Figure 3-18. The view looking down the tube while using a laser to collimate the secondary mirror
The primary mirror is the circular object at the center of the image, surrounded by the gray of the scope's tube, with the focuser visible as a blurred image at the upper right and the secondary holder even more blurred at the lower left. The primary mirror reflects a crescent of the upper part of the tube (at left), the ceiling of the room where this image was taken, the spider vanes that hold the secondary, the secondary mirror itself, and part of Robert's arm and hand. The two bright spots reflected at the upper right of the primary mirror are the bottom of the laser collimatorreflected in the secondary mirrorand the laser spot on the secondary mirror itself. None of that matters, but it is visually confusing. What does matter is the laser spot on the primary, which is the bright spot at the center of the primary, is centered in the notebook reinforcing ring. Having that laser spot centered in the reinforcing ring means that the secondary is collimated properly, pointing to the center of the primary mirror.
If you don't have a laser collimator, you can use the sight tube for this step. To do so, adjust the tilt and rotation of the secondary mirror (or have someone do it for you) as you view the reflections through the sight tube. When the secondary mirror is collimated properly, you will see the secondary mirror edge concentric with the edge of the sight tube, the primary mirror edge concentric with the secondary mirror edge, and the crosshairs of the sight tube centered on the center spot of the primary mirror.
Once you have the secondary properly collimated, the hard part is done. Fortunately, you probably won't have to repeat this process unless you remove the secondary mirror for cleaning, install an upgraded focuser, or take some other action that affects secondary collimation. Most secondary holders maintain collimation well. We seldom have to adjust secondary collimation from one year to the next.
The final step in collimating your scope is to collimate the primary, which consists of adjusting the primary mirror tilt until the optical axis of the primary is the same as the optical axis of the secondary and focuser. Most mirror cells use three adjustment screws (see Figure 3-19) and three locking screws. Turning an adjustment screw in or out slightly changes the tilt of the primary. Once the primary is collimated, you tighten all three locking screws to clamp the mirror cell in place. It's much easier to collimate the primary if you have a helper. One person sits or lies at the rear of the scope and tweaks the adjustment screws while the other person watches the effect from the front of the scope.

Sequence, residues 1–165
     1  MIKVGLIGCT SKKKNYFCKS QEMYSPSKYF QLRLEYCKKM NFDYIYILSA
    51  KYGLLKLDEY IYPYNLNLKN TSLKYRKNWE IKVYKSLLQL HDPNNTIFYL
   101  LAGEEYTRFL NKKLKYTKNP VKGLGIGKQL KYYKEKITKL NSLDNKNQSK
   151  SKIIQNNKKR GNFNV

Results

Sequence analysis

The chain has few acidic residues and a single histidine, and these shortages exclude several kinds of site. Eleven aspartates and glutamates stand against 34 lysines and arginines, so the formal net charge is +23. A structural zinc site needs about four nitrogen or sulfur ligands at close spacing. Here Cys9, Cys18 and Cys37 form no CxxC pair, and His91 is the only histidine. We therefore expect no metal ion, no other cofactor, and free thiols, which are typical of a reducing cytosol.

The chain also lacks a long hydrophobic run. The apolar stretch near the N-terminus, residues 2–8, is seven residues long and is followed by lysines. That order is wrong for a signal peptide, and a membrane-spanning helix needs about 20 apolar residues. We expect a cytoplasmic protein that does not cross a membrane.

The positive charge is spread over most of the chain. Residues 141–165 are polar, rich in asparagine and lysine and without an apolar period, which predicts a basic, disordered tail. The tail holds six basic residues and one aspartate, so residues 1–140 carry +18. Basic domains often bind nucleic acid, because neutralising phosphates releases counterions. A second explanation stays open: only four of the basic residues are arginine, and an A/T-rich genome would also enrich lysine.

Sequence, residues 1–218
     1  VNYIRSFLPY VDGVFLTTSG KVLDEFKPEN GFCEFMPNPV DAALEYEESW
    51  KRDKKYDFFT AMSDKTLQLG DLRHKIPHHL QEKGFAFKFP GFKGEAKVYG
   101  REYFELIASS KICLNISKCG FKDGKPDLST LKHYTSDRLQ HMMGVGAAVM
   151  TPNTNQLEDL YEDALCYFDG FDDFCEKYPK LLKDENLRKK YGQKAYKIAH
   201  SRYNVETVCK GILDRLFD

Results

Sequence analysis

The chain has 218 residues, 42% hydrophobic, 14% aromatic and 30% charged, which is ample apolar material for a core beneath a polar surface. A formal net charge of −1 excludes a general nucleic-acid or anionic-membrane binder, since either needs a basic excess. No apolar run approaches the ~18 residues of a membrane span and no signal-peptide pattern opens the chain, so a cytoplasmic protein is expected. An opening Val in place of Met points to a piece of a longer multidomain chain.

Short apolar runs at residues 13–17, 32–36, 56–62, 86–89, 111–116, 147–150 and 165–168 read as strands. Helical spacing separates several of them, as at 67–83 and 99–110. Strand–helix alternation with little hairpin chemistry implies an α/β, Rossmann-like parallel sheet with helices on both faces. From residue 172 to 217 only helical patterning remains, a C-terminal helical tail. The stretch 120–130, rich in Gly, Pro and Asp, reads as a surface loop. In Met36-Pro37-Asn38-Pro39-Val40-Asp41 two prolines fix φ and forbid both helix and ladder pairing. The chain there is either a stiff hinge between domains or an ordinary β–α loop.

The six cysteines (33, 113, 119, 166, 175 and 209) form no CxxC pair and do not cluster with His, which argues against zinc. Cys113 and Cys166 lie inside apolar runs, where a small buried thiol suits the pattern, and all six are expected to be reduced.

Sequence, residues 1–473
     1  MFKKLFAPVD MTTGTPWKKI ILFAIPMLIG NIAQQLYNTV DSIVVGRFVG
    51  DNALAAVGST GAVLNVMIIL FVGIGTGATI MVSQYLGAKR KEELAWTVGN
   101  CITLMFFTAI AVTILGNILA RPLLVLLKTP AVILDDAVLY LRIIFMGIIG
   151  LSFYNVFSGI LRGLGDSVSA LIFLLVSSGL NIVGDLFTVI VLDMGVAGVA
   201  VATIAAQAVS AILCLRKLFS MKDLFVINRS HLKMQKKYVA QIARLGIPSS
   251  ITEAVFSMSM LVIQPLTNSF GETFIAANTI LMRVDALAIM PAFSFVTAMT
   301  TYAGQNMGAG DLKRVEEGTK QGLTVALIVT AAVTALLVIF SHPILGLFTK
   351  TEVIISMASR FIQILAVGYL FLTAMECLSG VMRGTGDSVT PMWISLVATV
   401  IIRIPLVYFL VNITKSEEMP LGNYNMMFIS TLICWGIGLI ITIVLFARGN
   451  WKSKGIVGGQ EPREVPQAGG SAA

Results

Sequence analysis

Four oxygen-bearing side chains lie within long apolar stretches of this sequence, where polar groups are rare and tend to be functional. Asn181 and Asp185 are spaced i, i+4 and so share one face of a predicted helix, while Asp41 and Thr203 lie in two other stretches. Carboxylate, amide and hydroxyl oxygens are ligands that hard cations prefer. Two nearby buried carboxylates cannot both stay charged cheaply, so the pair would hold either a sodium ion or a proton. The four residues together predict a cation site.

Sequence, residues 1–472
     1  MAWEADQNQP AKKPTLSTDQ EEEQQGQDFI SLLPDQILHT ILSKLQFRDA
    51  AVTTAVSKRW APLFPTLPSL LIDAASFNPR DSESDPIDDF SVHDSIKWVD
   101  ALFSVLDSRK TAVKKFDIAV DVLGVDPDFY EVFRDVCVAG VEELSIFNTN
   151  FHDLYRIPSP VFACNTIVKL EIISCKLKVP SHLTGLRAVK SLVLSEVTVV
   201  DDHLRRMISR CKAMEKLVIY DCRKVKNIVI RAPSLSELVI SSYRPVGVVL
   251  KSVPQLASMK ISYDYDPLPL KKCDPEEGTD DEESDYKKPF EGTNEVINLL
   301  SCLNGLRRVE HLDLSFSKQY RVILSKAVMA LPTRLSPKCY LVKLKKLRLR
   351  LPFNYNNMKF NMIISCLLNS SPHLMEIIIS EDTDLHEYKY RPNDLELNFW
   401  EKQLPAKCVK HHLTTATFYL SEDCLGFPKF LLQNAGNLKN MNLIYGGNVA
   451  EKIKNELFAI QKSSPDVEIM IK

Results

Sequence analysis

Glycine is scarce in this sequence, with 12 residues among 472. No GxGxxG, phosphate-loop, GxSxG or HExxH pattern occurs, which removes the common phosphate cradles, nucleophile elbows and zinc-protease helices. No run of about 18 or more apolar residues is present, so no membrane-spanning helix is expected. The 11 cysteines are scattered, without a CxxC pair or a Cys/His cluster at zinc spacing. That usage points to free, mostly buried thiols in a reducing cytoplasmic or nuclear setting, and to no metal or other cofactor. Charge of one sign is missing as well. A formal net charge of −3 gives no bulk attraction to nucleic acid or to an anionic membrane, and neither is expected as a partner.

The fastest, easiest, and most precise way to collimate the primary is to use a Barlowed laser [Hack #39]. If you don't have a laser collimator, you can use a Cheshire or sight-tube/Cheshire to collimate the primary, albeit somewhat less precisely.
Figure 3-19. A primary mirror cell adjustment screw
To do so, illuminate the fine-ground 45° reflective surface of the Cheshire (visible at the center of Figure 3-14). If you are collimating after dark, point your red flashlight at the Cheshire opening. Tweak the primary adjustment screws until the center mark on the primary mirror coincides with the donut shape visible in the Cheshire.
That's all there is to collimating a Newtonian reflector. It takes a few minutes to collimate the secondary, and perhaps a minute or two to collimate the primary. Surprisingly, many Newtonian reflector owners seldom collimate their scopes, and most never collimate them. But the 5 or 10 minutes you spend to get your scope properly collimated pays off in much better image quality and more visible detail, particularly on planets and other lowcontrast objects.
You're not quite finished, though. When you finish using your sight-tube/Cheshire and laser collimator, the scope is very close to being perfectly collimated. Close, but not close enough. The final step to achieving perfect collimation is to use a defocused star to tweak the collimation to perfection [Hack #40].